Bayfront Blues Festival
Duluth, MN, August 8-10, 1997
Saturday - Day Two
Photo © 1997 by Tom Asp - All rights reserved

Performers on day two: The Busters, Big Walter Smith, T. Model Ford, Sue Foley, Preston Shannon, Smokey Wilson, Coco Montoya, Dr. John

The Busters
Saturday morning again started with the traditional Twin Ports blues band opening the days events. The Busters North Coast Blues Band brought a nice mix of original and traditional blues material to the stage. They played several songs from their new CD, "Waiting For The Tide," that were quite impressive. This is a guitar and harp driven band with vocals shared between all front 4 musicians. They helped the early crowd get their "mojo's" working to start the second day of the festival.

Big Walter Smith and the Groove Merchants
This was Walter's weekend in Duluth. On Friday the mayor of Duluth proclaimed it Big Walter Smith Day with a special presentation. Walter was presented with a certificate commemorating the day and designating him "Ambassador to the Blues." This was a special tribute and it was not lost on the fans who showed their true appreciation for one of Minnesota's blues treasures. Big Walter Smith and the Groove Merchants is the "only" band to perform at ALL 9 Bayfront Blues Festivals and he was greeted with one of the warmest receptions of any artist at the festival, getting several standing ovations. The fans just love Walter.

The Groove Merchants provided some fine R&B, as usual, with the great guitar playing of Scotty Graves, and the tight rhythm and keyboard section of Donnell Woodson (Papa D) on bass, Tom McShane on drums, and Paul Wigen on piano. The horn section, always right on the money with such soulful playing and entertaining dance steps, features JoMo Tar-V on trumpet, Ruston Reynolds on saxophone, and Matt Franko on trombone. There are several R&B bands that are quite good in Minnesota and the "Brother to the Blues," make that the "Ambassador to the Blues," Big Walter Smith and the Groove Merchants are definitely one of those bands.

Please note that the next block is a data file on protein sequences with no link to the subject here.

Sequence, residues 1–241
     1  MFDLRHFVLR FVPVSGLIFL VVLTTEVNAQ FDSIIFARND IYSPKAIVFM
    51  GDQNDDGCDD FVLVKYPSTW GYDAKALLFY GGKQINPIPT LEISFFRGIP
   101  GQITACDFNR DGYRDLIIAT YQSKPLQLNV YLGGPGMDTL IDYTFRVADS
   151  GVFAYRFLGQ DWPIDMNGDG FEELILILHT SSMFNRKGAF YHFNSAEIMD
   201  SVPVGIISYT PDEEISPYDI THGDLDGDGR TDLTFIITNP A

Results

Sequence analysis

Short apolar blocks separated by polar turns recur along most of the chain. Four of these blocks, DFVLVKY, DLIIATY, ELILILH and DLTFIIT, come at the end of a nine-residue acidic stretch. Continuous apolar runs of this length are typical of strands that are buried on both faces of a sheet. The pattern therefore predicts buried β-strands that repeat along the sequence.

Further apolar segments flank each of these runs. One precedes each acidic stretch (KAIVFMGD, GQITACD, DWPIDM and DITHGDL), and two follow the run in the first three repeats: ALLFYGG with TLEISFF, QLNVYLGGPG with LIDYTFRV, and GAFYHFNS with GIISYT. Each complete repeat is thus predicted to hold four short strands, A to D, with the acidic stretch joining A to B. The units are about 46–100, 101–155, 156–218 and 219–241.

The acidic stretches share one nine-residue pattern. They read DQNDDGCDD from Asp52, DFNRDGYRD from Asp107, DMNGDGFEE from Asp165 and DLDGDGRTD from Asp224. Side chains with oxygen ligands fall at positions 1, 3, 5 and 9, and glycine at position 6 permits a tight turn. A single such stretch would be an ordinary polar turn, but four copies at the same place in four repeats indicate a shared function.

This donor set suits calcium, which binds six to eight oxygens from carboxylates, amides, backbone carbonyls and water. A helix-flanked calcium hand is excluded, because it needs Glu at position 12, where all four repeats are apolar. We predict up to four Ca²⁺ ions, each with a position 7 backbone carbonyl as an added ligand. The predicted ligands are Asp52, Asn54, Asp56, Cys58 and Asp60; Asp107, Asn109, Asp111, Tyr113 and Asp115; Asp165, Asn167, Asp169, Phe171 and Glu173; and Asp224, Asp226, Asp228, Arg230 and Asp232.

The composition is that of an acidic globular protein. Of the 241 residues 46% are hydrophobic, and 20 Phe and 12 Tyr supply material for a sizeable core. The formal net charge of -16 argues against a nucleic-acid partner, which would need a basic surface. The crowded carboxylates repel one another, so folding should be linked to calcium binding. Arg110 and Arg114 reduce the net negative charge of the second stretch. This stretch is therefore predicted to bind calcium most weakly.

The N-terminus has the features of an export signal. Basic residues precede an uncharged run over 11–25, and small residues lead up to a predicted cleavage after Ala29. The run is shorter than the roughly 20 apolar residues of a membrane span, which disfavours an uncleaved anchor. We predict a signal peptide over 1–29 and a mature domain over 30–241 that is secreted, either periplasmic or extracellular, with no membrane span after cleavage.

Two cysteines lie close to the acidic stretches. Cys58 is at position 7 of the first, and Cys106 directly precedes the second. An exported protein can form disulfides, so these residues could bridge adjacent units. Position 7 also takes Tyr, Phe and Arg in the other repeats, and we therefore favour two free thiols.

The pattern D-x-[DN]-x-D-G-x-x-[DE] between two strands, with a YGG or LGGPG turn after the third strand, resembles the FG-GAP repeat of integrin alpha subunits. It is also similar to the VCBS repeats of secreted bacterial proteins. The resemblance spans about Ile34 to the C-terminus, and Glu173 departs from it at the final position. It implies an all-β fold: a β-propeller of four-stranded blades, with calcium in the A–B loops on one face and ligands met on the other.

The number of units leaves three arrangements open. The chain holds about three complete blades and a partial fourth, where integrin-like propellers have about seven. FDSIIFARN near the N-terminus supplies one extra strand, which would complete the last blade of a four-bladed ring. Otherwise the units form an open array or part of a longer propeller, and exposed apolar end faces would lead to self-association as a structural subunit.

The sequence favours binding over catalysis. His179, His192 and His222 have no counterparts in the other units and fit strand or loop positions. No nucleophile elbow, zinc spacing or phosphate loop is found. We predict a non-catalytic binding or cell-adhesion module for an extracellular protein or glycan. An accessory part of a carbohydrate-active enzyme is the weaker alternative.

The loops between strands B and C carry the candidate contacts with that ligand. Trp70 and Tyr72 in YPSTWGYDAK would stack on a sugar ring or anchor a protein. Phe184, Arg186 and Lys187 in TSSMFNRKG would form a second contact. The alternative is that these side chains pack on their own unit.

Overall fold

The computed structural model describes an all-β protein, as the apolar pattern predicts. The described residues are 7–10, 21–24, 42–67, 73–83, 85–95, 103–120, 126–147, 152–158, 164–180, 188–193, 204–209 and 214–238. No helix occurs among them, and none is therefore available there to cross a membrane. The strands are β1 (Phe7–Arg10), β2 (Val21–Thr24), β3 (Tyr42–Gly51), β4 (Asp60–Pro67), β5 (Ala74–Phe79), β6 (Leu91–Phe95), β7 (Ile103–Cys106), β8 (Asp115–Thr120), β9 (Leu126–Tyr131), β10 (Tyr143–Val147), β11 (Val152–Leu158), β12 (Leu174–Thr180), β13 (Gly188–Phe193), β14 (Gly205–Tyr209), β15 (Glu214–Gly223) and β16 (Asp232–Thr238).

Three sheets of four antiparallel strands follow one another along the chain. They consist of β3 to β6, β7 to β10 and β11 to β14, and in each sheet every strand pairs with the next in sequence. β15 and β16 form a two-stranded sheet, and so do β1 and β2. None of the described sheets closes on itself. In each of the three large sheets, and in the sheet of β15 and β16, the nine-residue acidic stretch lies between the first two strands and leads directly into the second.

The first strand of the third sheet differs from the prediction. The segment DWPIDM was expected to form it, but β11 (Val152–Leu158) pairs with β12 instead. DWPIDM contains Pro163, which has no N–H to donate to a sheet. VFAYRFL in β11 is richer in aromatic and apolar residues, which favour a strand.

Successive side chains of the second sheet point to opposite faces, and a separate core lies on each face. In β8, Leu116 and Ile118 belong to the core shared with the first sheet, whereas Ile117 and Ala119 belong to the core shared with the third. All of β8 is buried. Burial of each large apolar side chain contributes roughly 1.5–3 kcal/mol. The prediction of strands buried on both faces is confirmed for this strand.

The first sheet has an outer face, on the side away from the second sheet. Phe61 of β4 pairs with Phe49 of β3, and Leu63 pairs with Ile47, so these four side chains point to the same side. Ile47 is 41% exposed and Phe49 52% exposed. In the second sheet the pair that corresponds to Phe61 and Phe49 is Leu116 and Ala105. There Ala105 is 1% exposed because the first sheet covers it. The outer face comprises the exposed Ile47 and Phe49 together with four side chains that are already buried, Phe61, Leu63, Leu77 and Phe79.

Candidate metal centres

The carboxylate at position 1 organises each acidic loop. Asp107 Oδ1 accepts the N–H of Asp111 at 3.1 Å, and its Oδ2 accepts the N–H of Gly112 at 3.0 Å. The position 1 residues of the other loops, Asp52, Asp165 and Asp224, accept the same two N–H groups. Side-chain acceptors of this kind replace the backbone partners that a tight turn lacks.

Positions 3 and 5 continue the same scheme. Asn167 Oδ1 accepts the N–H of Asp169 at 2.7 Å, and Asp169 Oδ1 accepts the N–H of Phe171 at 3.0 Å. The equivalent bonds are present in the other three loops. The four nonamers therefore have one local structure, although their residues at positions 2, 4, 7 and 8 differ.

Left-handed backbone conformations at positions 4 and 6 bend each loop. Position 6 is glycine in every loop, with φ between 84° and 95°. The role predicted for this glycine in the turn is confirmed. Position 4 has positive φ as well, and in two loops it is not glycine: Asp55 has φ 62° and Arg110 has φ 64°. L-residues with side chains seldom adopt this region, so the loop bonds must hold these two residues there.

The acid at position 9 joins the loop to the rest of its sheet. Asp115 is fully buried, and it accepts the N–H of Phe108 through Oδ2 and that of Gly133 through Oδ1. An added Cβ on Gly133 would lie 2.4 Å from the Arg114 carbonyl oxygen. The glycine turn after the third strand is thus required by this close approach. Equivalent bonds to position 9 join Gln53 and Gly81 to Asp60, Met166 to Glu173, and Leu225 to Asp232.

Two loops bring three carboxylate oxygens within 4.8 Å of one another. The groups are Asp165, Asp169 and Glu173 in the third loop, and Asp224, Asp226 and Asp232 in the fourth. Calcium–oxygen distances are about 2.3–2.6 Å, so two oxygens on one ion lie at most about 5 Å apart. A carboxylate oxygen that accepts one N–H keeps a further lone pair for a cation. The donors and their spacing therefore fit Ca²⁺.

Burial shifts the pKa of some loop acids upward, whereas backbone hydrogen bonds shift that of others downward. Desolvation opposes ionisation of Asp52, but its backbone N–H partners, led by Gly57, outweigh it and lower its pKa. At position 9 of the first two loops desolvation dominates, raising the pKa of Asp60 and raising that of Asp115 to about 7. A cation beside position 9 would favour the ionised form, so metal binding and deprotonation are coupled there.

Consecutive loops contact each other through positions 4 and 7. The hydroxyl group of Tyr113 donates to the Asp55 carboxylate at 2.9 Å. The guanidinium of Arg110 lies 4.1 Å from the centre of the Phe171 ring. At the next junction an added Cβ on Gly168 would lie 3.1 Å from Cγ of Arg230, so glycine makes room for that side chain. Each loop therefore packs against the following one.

T. Model Ford
76 year old delta bluesman T. Model Ford made the trip up to Duluth when his fellow Fat Possum label mate R.L. Burnside was unable to attend due to some laser eye surgery. He didn't disappoint the crowd either, delivering that raw, country blues born in the hills of northern Mississippi. He was joined on stage by R.L.'s band featuring Kenny Brown on slide guitar and grandson Cedric Burnside on drums. It was funny because many in the audience, unaware of a schedule change, and even the local radio interviewer afterwards, thought they were listening to Burnside. I saw Burnside a week later and he was laughing at the free publicity he got out of that show. T. Model Ford plays in a similar style to Burnside - a foot tapping, elemental roots guitar sound that takes you back to the gritty rural blues performed by the likes of Mississippi Fred McDowell and Lightnin' Hopkins.

Sue Foley
Local players John Schroder and Rob Stupka backed Sue during her performance. They had played with her once before (the night before in Minneapolis), but provided solid support for Sue's powerful lead guitar playing and authoritative singing. Sue, who just had a baby boy named Joe six months ago, is slowly getting back on the stage. She is also between record labels and is not even sure of where they want to live. They were on their way to Austin from her home in Canada, taking their time and enjoying the stops in between. We last saw Sue Foley at the Blues Saloon last fall for a spectacular show so it was great to see her out performing again.

With her trademark pink paisley guitar (with flower designs and what looked like a small shamrock), her golden red hair and her remarkable guitar prowess, Sue Foley put on a sizzling performance Saturday afternoon. Foley is only 28 years old but plays guitar, sings, and writes songs like a well-traveled blues veteran. She plays stinging lead guitar that makes you look up and take notice. I particularly liked several of her instrumentals. One was called "The Snake" that had a great sound - kind of like Dick Dale meets Hound Dog Taylor. The other rocking, foot stomping one was "Girls Night Out" (from the "Big City Blues" CD).